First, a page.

Some pensioners who were members of the National Association of Graduate Teachers (NAGRAT) are yet to receive differences in the lump sum arrears, owed them after retiring in January 2020.
Though the government has assured that differences occasioned by anomalies regarding the three-tier pension scheme will be addressed, the President of NAGRAT, Angel Carbonu, says he has not seen any progress.
Commenting on the government’s failure to disburse the money, Mr. Carbonu described the state of affairs as an injustice toward affected teachers.
“We need to quickly look at this impasse because, for all these years, these people have been working for the state. Some have worked for 40 years. Some have worked for 35 years and so on and so forth.”
NAGRAT said it suspects the Social Security and National Insurance Trust (SSNIT) is investing the teacher’s contributions thus “value has to accrue on the money invested.”
“Being paid this paltry lump sum from SSNIT after retirement is worrying,” Mr. Carbonu added.
The last pension increment was in January 2020 which saw the monthly payments going up by 11 percent
Mr. Carbonu noted that teachers also have issues of past credit because “some monies were still going to SSNIT which should have been transferred to the NPRA [National Pensions Regulatory Authority]” following the introduction of the three-tier pension scheme.
Act 766 was to provide for pension reform in the country by the introduction of a contributory three-tier pension scheme.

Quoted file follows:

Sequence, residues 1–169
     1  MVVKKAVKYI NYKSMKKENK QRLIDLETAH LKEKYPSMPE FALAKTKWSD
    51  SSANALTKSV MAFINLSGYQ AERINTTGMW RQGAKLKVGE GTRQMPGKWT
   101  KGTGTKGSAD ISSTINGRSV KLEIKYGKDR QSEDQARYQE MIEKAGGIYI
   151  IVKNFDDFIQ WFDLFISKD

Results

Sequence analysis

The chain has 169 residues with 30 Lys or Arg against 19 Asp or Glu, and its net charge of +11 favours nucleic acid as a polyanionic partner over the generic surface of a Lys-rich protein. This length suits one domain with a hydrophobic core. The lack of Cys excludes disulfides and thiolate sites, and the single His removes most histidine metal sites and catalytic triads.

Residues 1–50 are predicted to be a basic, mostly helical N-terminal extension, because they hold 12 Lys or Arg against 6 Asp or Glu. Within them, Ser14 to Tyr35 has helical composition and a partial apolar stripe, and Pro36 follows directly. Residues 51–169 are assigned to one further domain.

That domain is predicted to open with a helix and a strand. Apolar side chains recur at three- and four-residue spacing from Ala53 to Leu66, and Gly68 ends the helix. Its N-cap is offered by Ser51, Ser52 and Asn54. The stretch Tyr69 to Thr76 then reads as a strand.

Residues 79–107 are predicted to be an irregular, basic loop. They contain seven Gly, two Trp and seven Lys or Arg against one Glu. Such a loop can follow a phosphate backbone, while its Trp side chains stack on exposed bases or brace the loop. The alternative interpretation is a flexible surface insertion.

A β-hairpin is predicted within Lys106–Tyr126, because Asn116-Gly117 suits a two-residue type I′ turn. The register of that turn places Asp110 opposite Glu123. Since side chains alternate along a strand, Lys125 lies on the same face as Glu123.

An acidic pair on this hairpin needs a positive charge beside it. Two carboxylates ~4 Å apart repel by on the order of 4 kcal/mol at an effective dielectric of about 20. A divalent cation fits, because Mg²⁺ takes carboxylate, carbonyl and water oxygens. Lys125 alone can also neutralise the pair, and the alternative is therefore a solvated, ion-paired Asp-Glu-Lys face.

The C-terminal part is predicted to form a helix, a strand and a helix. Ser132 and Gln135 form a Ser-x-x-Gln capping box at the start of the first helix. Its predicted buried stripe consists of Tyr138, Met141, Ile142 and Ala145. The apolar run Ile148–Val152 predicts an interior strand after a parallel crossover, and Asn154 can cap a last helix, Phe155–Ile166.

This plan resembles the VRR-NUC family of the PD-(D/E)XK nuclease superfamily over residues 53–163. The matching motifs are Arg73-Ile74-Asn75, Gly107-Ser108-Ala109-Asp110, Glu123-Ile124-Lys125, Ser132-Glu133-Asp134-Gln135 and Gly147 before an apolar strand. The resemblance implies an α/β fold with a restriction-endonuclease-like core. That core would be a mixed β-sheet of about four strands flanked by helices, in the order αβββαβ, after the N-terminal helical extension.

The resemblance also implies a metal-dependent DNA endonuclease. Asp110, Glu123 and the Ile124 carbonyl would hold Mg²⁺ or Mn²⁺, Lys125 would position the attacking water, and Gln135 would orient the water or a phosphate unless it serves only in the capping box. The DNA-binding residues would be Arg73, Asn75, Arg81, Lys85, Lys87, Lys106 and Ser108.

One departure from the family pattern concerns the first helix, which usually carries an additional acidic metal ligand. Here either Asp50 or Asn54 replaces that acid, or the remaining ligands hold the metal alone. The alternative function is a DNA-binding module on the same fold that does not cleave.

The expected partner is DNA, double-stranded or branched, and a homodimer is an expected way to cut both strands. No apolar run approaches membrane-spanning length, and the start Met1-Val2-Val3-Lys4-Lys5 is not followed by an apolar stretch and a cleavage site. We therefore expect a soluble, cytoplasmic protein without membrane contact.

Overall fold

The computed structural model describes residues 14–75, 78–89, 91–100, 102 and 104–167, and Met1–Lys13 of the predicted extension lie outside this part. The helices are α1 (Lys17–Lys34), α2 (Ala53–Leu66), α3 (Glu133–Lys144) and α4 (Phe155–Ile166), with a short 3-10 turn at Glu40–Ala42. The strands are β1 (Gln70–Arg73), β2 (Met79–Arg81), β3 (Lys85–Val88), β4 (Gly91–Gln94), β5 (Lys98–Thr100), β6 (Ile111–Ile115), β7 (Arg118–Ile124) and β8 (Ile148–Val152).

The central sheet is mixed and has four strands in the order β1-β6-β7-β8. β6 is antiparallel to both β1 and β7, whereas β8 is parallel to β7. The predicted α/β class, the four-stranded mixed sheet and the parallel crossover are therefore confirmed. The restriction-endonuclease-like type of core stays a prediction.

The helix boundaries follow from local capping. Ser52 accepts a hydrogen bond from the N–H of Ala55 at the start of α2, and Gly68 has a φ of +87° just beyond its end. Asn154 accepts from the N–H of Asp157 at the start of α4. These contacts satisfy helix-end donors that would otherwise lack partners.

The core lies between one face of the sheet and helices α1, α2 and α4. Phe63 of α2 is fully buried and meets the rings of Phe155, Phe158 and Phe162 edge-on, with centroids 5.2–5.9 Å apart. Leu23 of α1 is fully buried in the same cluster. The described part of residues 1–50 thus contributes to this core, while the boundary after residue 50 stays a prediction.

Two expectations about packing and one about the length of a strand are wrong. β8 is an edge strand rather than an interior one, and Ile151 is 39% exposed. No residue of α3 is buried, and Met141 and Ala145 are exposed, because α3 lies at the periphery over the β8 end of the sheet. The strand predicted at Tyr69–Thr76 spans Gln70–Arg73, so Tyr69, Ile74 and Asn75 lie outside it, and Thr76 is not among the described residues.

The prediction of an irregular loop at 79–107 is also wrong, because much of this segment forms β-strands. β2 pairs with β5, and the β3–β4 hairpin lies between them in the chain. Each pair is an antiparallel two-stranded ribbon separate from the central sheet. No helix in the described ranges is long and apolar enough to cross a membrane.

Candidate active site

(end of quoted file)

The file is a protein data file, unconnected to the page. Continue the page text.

It also allowed for the establishment of a National Pensions Regulatory Authority to oversee the administration and management of registered pension schemes and trustees of registered schemes and the establishment of SSNIT to manage the basic national social security scheme to cater for the first tier of the contributory three-tier scheme.
“All these things and the inappropriate way of doing things have created problems for the retiree because if we are doing things rightly and honestly… the worker after he or she has served this nation for many years will not be going home as a pauper.”
Concerns over the value of pensions have been raised by other groups of workers.
The Greater Accra Regional chapter of the Trades Union Congress for example called for a review of the formula for calculating pensions.
The Council feels the National Pension Act, Act 766 has not improved the plight of pensioners since the transition from the PNDCL 247.
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